There have also been single-case or small samples of patients with specific types of hyperhidrosis who responded to a variety of other oral medications. Agents such as Clonidine, Indomethacin, gabapentin, and multiple others have shown effectiveness in very specific cases of hyperhidrosis.
If you are interested in learning more about using oral medications to treat excessive sweating, find a healthcare provider who is well-versed in hyperhidrosis care and oral medications in the IHHS’s Physician Finder database.
We like to remind readers that there are always positive or innovative developments on the horizon of hyperhidrosis care; but there are also great treatments available right now. Maybe systemic oral medication isn't right for you but...in the future? Who knows what may become available!
Here is another promising use for oral anticholinergic medications. Some physicians and their patients have had great success treating sweaty palms and sweaty feet by adding a crushed anticholinergic tablet to the water used during iontophoresis. Learn more about iontophoresis and how anticholinergics can make the process even more effective.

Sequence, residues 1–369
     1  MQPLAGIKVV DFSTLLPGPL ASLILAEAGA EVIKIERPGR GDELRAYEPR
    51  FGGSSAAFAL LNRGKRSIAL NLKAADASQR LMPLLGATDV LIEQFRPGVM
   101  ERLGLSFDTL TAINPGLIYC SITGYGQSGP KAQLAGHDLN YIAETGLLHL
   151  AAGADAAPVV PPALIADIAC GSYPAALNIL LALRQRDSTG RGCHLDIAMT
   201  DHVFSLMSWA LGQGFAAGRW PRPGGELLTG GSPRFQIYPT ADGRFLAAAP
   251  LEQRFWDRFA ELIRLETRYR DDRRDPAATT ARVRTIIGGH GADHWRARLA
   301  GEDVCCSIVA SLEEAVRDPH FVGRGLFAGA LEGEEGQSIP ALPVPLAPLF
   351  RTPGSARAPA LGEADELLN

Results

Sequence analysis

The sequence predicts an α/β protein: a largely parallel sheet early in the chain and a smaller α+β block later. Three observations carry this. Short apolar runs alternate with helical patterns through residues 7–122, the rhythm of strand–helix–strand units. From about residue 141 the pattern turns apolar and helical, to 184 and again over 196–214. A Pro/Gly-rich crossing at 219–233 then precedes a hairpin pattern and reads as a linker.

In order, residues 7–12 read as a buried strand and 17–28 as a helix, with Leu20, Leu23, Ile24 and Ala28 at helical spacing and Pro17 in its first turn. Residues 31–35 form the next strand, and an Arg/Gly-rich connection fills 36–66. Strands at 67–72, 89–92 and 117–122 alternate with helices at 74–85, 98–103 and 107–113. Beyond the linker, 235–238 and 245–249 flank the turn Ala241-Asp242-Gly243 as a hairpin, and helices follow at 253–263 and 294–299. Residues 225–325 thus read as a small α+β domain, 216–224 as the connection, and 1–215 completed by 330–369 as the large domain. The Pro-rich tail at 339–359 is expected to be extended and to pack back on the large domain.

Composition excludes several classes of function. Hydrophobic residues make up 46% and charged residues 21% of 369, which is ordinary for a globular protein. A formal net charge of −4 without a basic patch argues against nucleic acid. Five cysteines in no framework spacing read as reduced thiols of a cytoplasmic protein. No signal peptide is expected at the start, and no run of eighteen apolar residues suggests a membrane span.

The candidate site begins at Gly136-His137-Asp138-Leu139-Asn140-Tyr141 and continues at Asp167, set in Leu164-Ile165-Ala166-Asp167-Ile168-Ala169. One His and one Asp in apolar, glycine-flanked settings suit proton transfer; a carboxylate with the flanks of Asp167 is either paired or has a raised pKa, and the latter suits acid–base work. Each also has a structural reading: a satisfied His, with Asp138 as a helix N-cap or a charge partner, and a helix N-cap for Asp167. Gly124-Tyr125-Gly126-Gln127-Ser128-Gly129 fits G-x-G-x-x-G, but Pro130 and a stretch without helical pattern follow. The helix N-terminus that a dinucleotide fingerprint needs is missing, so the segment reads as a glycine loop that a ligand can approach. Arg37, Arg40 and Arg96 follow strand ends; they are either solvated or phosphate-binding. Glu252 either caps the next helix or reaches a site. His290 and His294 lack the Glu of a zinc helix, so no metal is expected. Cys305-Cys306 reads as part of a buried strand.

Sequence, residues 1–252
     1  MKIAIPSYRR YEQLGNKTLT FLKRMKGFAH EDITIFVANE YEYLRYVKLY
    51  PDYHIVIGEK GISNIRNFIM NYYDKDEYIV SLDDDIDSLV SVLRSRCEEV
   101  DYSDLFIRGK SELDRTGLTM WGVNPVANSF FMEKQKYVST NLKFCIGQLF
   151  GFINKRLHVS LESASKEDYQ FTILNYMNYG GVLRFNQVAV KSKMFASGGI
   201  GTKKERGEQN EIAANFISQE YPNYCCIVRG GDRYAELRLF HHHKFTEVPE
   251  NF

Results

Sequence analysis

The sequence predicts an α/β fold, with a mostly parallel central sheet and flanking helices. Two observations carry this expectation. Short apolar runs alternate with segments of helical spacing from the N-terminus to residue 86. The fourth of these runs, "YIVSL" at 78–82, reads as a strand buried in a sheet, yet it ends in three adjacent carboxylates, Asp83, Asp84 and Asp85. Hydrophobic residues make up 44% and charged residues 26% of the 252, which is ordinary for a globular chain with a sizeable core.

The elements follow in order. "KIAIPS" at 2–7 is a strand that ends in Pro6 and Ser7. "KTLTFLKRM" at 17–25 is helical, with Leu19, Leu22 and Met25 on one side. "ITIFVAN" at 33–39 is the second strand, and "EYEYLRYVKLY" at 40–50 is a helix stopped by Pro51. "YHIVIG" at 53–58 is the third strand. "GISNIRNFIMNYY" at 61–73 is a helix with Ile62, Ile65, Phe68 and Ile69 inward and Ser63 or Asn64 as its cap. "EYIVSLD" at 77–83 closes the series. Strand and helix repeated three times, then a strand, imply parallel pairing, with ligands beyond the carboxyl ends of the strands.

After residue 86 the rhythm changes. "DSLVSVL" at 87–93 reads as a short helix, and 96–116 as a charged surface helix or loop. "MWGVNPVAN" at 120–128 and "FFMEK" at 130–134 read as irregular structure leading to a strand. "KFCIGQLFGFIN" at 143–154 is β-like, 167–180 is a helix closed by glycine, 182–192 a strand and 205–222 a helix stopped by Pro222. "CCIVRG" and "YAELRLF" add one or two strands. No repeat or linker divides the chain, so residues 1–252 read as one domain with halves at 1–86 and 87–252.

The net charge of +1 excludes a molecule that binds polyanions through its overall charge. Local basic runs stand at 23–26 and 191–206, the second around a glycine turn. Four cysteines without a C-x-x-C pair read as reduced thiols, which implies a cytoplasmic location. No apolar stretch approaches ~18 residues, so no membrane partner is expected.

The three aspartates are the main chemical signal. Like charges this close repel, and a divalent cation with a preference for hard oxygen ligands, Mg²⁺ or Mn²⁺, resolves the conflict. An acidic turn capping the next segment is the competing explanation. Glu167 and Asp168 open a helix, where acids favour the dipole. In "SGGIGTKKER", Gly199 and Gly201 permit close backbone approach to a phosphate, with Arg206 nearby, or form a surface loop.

Have you talked to your doctor about excessive sweating? If not, now is the time! Learn more about how you and your doctor can work together to find the right treatment, or combination of hyperhidrosis treatments, to manage your hyperhidrosis.
If you’re considering an oral medication to treat excessive sweating, please know that experts in the field recommend that you try antiperspirants, iontophoresis, or Botox injections first. Click on the links provided to learn more about the usefulness of these treatments.
And remember, because hyperhidrosis is a serious medical condition - you deserve insurance coverage and reimbursement for your doctor’s visits and treatments! We’ve got tips to help you navigate the health insurance realm and receive coverage.